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Attempt to curb governors’ offences

Ancient Romans after they conquered in the second century BCE a large part of the Mediterranean, they had to learn to rule the conquered peoples. Often, however, governors used their offices to exploit the inhabitants and generate their wealth.

The Romans were aware of the ubiquitous injustice in the provinces and tried to remedy this. We have the first information on such activities from Cicero. In his letter from 59 BCE, addressed to brother Quintus, we learn what qualities and values ​​should be given by the administrator of the Roman province: honesty, impartiality, continuity and integrity. Moreover, we find out that in 149 BCE a criminal court was set up in Rome to which foreigners could appeal in the event of offenses by governors.

In addition, around 1500 in Urbino, northern Italy, 11 bronze fragments were excavated, as it later turned out, the Compensation Act. This act was created on the initiative of the people’s tribune Gaius Gracchus, and was aimed at enabling the inhabitants of the province to try to recover the property stolen by the governor. It should be noted, however, that the injured party had to reckon with a trip to Rome if he wanted to believe. In addition, he could not count on any compensation in the event of torture, rape or offence.

The said document strictly specified who can apply for compensation and what damages and compensations the injured person can count on. What’s more, the foreigner could count on help in setting up the case. The law also stipulated that no one related to the accused could sit among 50 lay judges. We also know how votes were cast. Each of the lay judges wrote his decision on a piece of boxwood (of specific dimensions) and threw it into the urn in such a way that his fingers covered the entry and the toga did not cover his shoulder.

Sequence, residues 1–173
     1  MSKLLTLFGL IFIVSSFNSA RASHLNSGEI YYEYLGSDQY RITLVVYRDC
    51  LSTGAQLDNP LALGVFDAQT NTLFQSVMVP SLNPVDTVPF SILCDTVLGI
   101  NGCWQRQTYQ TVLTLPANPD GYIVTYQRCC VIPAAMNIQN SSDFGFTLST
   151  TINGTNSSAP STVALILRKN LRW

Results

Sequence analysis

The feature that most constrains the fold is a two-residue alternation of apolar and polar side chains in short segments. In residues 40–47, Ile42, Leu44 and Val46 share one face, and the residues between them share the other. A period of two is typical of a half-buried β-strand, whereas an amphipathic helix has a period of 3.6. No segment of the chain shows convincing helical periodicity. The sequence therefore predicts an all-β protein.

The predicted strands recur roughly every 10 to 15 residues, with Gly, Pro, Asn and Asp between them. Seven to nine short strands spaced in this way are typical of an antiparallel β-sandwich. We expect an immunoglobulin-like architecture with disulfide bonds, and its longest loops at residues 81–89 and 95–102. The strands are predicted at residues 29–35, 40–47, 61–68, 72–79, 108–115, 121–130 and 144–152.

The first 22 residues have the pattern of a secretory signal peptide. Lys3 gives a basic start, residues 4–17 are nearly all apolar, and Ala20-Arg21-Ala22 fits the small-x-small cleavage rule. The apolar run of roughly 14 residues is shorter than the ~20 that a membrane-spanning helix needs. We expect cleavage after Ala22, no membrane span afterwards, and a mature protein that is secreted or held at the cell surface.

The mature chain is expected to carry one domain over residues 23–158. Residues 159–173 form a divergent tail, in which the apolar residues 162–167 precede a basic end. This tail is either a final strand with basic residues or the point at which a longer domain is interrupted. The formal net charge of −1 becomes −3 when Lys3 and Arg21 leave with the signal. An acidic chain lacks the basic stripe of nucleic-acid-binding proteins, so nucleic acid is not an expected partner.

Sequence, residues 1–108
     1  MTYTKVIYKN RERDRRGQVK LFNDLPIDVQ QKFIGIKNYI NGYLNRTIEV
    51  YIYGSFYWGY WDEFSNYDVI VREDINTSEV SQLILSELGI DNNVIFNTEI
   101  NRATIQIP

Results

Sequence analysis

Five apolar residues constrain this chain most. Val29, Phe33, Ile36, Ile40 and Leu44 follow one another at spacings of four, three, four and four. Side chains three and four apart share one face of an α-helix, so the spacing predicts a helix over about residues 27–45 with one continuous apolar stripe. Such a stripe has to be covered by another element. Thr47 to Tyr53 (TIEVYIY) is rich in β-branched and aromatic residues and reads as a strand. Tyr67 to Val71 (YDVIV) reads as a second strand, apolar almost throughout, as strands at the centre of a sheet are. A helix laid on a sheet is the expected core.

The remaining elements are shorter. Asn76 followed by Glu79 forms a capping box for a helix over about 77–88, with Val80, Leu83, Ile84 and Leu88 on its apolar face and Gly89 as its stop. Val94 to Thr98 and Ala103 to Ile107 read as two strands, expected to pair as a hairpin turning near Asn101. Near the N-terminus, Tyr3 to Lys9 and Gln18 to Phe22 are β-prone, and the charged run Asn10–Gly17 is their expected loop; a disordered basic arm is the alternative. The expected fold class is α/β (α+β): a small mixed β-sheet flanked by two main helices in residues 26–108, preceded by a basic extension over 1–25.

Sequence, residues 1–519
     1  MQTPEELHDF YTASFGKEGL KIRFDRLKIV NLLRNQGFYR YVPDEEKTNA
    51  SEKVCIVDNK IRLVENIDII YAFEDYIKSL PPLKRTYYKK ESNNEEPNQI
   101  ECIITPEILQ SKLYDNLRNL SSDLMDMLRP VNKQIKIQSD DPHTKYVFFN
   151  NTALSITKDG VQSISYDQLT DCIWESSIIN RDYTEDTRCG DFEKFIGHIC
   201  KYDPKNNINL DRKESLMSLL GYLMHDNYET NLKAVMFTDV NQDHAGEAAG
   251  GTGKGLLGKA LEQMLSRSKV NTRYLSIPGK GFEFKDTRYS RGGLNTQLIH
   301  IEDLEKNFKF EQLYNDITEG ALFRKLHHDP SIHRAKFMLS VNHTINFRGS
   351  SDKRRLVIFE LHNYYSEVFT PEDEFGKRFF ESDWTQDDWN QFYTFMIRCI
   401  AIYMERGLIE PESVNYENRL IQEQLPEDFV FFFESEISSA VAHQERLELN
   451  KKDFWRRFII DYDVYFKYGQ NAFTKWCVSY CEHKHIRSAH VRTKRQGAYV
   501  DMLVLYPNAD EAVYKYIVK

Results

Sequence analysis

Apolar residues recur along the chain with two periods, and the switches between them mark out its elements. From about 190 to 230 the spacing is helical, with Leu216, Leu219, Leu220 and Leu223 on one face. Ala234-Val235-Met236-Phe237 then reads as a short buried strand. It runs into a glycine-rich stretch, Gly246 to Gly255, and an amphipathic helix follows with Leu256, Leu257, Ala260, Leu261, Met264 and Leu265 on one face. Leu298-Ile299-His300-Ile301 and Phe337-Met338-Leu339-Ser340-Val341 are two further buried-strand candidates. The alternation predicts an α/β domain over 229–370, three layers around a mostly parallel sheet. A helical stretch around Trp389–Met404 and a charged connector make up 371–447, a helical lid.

So, as you can see, in ancient Rome, attempts were made to remedy the injustices of the weakest, and even counteract manipulation and fraud in the courts. According to Mary Beard, between the issue of the law (the 20s of 2nd century BCE) and 70 BCE 30 cases were instituted, of which almost half had a conviction.

Sources
  • Beard Mary, SPQR. Historia starożytnego Rzymu, Poznań 2016

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